Highlighting human resilience and the primacy of intimate relationships ORDINARY GODS examines what it takes to thrive not just in the world’s most beloved sport, but in life itself. Shot in eight different countries over the course of three years, this film offers a compassionate observation of the lives of six young professional soccer players as they struggle with injury, homesickness, and the pressure of being a rising talent on the international stage.
“I have always been sensitive to ordinary people in ordinary circumstances – painting their daily human experiences with the hope of shining some light along the way. When crafting this film, I would repeatedly remind my team that the story should be approached as if our subjects were carpenters, butchers, bank tellers or what-have-you; in that their professional skills would not be dictating their story. It was their common humanity we were unearthing, and their universal truths would surface through them first as people, and second as football players.”
Pascui Rivas - Ordinary Gods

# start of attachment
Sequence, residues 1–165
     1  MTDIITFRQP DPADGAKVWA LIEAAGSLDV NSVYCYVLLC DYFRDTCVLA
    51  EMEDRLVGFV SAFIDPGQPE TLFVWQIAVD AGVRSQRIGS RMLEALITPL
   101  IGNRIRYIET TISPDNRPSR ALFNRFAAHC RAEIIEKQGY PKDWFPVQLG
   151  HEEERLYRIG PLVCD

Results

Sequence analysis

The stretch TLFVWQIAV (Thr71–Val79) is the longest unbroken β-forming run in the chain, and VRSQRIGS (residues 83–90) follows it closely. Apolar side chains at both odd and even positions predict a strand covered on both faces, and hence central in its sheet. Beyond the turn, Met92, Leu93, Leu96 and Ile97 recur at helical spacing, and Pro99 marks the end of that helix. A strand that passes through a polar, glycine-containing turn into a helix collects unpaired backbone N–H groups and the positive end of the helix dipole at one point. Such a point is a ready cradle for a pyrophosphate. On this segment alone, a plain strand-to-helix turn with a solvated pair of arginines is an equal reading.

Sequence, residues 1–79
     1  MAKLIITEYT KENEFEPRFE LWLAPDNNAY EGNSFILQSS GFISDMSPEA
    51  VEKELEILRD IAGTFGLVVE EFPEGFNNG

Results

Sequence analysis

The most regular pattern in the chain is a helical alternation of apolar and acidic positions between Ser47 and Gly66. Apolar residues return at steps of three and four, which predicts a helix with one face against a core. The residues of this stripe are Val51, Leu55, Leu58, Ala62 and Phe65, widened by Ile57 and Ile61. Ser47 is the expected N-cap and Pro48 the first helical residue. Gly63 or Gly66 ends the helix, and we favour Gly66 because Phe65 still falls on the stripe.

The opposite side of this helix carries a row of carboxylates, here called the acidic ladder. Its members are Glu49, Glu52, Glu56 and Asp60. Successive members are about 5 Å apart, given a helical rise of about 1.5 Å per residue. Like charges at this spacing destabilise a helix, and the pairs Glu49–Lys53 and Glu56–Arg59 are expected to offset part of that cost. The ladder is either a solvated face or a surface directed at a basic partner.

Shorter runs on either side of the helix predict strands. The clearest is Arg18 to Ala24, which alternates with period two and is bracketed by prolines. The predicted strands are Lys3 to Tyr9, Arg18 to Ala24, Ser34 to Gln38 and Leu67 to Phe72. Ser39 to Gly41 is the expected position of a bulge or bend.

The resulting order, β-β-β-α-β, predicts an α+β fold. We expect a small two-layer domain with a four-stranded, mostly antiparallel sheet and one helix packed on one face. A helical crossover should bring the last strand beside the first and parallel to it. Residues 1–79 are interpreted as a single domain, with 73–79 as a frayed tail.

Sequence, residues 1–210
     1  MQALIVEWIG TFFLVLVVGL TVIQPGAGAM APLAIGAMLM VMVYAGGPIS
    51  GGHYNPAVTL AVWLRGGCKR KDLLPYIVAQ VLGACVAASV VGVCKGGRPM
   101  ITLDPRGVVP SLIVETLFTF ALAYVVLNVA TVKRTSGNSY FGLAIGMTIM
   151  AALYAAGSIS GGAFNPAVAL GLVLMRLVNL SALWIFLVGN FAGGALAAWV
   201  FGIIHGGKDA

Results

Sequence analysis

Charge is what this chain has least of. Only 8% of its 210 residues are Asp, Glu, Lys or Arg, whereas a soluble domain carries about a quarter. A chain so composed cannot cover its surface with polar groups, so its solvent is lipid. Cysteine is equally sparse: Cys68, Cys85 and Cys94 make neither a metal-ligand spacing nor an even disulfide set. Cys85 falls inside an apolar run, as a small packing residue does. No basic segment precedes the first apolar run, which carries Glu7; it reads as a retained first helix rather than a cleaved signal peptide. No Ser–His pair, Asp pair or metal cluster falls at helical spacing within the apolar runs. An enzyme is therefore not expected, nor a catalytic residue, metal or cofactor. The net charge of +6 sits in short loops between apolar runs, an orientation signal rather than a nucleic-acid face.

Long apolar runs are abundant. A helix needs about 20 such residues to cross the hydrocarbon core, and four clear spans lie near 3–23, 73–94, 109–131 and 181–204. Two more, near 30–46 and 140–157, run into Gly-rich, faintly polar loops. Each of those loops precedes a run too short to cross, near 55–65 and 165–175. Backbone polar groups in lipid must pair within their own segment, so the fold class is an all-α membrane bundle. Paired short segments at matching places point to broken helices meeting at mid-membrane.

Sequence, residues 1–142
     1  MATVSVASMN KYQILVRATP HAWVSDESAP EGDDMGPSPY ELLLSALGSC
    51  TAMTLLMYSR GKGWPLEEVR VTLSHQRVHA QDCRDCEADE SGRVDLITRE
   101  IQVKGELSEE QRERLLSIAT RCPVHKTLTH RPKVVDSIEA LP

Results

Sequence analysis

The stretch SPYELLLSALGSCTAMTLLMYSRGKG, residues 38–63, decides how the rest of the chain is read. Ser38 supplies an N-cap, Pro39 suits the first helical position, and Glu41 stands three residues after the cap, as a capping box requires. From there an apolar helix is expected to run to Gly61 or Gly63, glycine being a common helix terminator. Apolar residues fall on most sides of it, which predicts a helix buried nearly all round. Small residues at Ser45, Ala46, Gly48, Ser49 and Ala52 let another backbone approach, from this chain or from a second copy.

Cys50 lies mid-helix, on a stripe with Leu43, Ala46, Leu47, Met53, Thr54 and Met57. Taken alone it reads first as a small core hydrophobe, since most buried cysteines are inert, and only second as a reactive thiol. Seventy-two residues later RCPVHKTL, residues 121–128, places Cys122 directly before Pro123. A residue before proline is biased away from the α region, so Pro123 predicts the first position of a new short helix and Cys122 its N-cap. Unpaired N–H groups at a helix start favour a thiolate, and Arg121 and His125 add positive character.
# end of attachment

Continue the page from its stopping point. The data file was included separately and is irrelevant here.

“If the merit of the sports film were to be measured only by its capacity to forsake the many hackneyed stations of the genre, then Pascui Rivas’s magisterial documentary, Ordinary Gods, would surely deserve its place in the pantheon. Rivas, though, is hardly content to upend conventions for the sake of it. Its sights set elsewhere entirely, the film proffers something like a biographical analysis of the political economy of international soccer, in which players serve as both alienated labor and abstract commodities. But there’s nothing abstract about the six young players at the center of this project. Prodigious talents all, their interest for Rivas lies not in what is presumably godly about them, but instead in what is wholly ordinary about their struggles to navigate the extraordinary circumstances into which their talent has thrust them. That Ordinary Gods never shrinks from the supremely mundane, altogether human dimensions of those struggles is perhaps the truest testament to its greatness.”
(UCLA/LA Film Forum/ Festival of Inappropriation)